Washington’s Largest Wind-Power Site Begins Generating Electricity

February 29, 2012 by  
Filed under Green Energy News

BELLEVUE, Wash., Feb 29, 2012 (BUSINESS WIRE) –
Washington’s newest and largest wind farm — the Lower
Snake River Wind Facility-Phase I — today began commercial
operations, providing Puget Sound Energy’s 1.1 million electric
customers with more renewable, emissions-free power.

The new facility’s 149 wind turbines — set among the wind-blown farm
lands of Garfield County, in southeast Washington — will generate enough
electricity, on average, to power about 100,000 homes.

“This is an important milestone for our customers and for the people of
Garfield County,” said Kimberly Harris, president and CEO of PSE. “With
this new facility, our region is getting new jobs and a new source of
clean energy.”

The 343-megawatt (MW) Lower Snake River project is PSE’s third wind
farm. The utility’s 157-MW Hopkins
Ridge Wind Facility, built in 2005, is in Columbia County. The
273-MW Wild
Horse Wind and Solar Facility, built in 2006 and expanded in 2009,
is in Kittitas County. Together, the three sites generate enough
electricity, on average, to meet the total power requirements of
approximately 230,000 households.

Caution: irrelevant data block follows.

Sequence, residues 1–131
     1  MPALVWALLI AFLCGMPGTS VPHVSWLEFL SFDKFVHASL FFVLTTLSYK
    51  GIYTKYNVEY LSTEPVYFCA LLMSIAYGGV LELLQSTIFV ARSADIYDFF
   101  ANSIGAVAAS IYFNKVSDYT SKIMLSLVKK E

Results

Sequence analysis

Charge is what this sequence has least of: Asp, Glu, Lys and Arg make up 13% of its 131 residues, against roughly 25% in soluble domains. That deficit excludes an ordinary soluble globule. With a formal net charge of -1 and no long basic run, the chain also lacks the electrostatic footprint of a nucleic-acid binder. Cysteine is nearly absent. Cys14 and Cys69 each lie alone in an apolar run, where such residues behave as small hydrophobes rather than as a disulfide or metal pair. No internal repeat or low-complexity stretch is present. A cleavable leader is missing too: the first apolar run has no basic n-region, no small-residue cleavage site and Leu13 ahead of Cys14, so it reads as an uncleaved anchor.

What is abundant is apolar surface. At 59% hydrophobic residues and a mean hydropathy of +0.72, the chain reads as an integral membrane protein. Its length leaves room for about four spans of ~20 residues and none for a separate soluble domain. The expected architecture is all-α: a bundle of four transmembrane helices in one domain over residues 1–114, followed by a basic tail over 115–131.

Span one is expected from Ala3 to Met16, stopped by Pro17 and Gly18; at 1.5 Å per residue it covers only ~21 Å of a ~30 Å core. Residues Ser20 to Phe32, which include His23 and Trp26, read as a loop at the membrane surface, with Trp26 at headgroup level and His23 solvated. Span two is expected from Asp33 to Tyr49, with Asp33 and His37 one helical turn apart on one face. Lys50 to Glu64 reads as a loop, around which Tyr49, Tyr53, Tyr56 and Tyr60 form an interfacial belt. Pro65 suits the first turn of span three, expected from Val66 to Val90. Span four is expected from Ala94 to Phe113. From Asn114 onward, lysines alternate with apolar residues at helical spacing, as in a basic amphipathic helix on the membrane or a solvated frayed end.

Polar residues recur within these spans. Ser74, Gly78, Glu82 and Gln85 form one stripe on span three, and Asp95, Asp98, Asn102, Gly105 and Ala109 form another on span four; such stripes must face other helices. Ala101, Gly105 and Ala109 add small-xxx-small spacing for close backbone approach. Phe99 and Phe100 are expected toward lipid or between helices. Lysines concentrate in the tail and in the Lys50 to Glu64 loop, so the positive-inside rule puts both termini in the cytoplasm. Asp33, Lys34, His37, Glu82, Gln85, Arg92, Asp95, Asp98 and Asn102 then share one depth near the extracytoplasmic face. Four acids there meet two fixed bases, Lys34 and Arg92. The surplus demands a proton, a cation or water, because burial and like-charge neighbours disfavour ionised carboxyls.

“The Lower Snake River project has created more economic activity in
Garfield County than we’ve seen since the early 1970s, when Lower
Granite Dam was being built,” said Alesia Ruchert, Garfield County
managing director for the Southeast Washington Economic Development
Association. “It’s been a definite shot in the arm.”

“I believe the project’s success can be attributed to two things,” she
added. “One is our county’s strong agricultural heritage and stewardship
practices, which have laid the foundation for partnering in
resource-based projects such as this. The other is the fact that PSE has
demonstrated the neighborliness and pioneering spirit ingrained in our
local heritage.”

PSE began construction of the Lower Snake River Wind Facility in May
2010 with the help of lead contractor Renewable Energy Systems Americas
Inc. (RES Americas), wind-turbine manufacturer Siemens Energy, and a
variety of subcontractors. PSE also partnered with RES on the
construction of the utility’s Hopkins Ridge and Wild Horse wind farms.

“RES Americas was excited to be part of this large wind-energy project,
which provided hundreds of jobs and major economic benefits to the
Washington community. This project epitomized what wind energy can
provide the country,” said Jason Zingerman, vice president of
Construction for RES Americas. “Our continued success with PSE is
another example of our commitment to provide utilities with renewable
energy development and construction expertise.”

Approximately 25 permanent employees from PSE and Siemens Energy now
operate the facility and maintain its wind turbines. They are based out
of PSE’s new operations and maintenance center in Pomeroy. About 150
workers, on average, were on site during the Lower Snake River project’s